Supervision Interrupts Practice

19 Aug 2019

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What is Pastoral Supervision? Why is it needed?

“Supervision interrupts practice. It wakes us up to what we are doing. When we are alive to what we are doing, we wake up to what is, instead of falling asleep in the comfort stories of our routines and daily practice.”[1]

What is pastoral supervision in a Ministry Context?         
Supervision is a broad space to talk about whatever is happening in ministry that is;

  • responsive to God’s Word and Spirit via theological reflection,
  • causes transition and transformation,
  • and/or results in the minister enhancing self-awareness, ministerial competence, theological understanding and Christian commitment.[2]  

A typical supervision session may involve checking in on the wellbeing of the supervisee, any staff and volunteer conflict, organisational renewal, and developing the skills and wisdom in holding complexity.

So, why is supervision needed?

Here are a few key reasons;

  • Ministering persons who regularly invite and submit their soul and practice to a supervisor who cares and has permission to hold a mirror up has a greater capacity to build a safe and healthy environment that leads to sustainable personal and community transformation.
  • Good supervision will pick up when a supervisee begins to lose touch with their soul and begins to disappear into their role. This assists in identifying ways in which personal and spiritual issues interfere with their ministry before it reaches burnout or other crippling behaviours.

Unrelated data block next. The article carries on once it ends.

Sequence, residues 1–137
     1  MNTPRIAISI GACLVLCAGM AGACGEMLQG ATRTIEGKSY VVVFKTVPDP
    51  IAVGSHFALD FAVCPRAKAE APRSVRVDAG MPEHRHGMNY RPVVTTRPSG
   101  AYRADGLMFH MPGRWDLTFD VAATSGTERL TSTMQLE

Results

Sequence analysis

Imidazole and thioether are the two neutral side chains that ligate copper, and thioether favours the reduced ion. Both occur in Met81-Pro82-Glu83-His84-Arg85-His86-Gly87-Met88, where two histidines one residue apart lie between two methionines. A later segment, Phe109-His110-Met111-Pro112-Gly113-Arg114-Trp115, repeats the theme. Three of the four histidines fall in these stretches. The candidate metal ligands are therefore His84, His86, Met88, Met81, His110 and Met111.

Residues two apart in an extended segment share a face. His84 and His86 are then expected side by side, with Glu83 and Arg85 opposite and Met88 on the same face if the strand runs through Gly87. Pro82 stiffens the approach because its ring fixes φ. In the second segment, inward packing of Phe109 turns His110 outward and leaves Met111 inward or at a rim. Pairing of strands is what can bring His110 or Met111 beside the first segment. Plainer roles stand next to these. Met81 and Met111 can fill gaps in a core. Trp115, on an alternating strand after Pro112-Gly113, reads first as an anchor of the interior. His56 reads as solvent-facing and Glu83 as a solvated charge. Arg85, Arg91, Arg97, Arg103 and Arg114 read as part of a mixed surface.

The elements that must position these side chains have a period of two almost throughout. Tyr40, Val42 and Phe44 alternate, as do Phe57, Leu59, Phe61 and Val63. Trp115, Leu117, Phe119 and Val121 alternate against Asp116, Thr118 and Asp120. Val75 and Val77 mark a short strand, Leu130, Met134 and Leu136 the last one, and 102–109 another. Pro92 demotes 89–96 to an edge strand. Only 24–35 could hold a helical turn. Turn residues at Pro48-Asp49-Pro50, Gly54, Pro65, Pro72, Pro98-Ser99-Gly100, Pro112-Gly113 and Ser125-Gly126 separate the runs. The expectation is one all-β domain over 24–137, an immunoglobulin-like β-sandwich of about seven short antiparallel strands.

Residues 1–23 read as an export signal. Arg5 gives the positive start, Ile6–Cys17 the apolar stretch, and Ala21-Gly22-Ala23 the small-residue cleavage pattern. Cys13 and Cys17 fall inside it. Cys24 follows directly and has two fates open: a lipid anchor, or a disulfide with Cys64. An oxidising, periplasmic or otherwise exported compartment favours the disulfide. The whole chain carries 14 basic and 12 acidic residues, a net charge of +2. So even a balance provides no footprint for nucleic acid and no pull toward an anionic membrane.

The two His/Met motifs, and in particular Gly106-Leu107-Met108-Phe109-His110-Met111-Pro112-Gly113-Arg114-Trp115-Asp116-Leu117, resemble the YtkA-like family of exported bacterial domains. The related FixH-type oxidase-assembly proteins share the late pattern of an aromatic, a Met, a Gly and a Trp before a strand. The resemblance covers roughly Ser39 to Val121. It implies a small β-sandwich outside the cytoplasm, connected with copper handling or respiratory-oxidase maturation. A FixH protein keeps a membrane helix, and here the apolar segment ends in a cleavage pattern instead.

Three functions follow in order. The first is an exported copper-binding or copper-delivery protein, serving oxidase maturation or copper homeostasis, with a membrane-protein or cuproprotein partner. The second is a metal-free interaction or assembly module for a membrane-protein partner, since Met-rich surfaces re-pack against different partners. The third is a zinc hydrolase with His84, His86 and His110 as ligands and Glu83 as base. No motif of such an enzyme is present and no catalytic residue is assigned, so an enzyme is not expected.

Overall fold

• One of the Royal commission recommendations is; “religious institutions should ensure that all people in religious or pastoral ministry, including religious leaders, have professional supervision with a trained professional or pastoral supervisor who has a degree of independence from the institution within which the person is in ministry.”[3]

As a movement we are committed to creating safe ministering persons and environments; formation groups, spiritual mentoring training, transformational church cohorts are just a few of the spaces that have become a regular part of our culture.

Supervision needs be championed as essential in the life of Fresh Hope churches. It will be part of the OPD process, particularly for those entering paid ministry over the next decade. The supervision process is concerned both for the ministering person and the people they serve and lead. Supervisors have a covenanted responsibility to intervene if either begins to become unsafe or unsustainable. Theologically and pastorally we need to continue to be salt and light in the communities we serve. The Mission and Ministry team are actively processing ways ministering persons can access supervision in 2020 and beyond.

John Crowther
Director | Fresh Hope Mission & Ministry

[1] Ryan, S. Vital Practice. (Portland, UK: Sea Change Publications, 2004)

[2] Pohly, K. Transforming the Rough Places: the Ministry of Supervision. (Franklin: Providence House Publishers, 2001)

[3] Commonwealth of Australia. Royal Commission into Institutional Responses to Child Sexual Abuse: Final Report Recommendations. Page 58.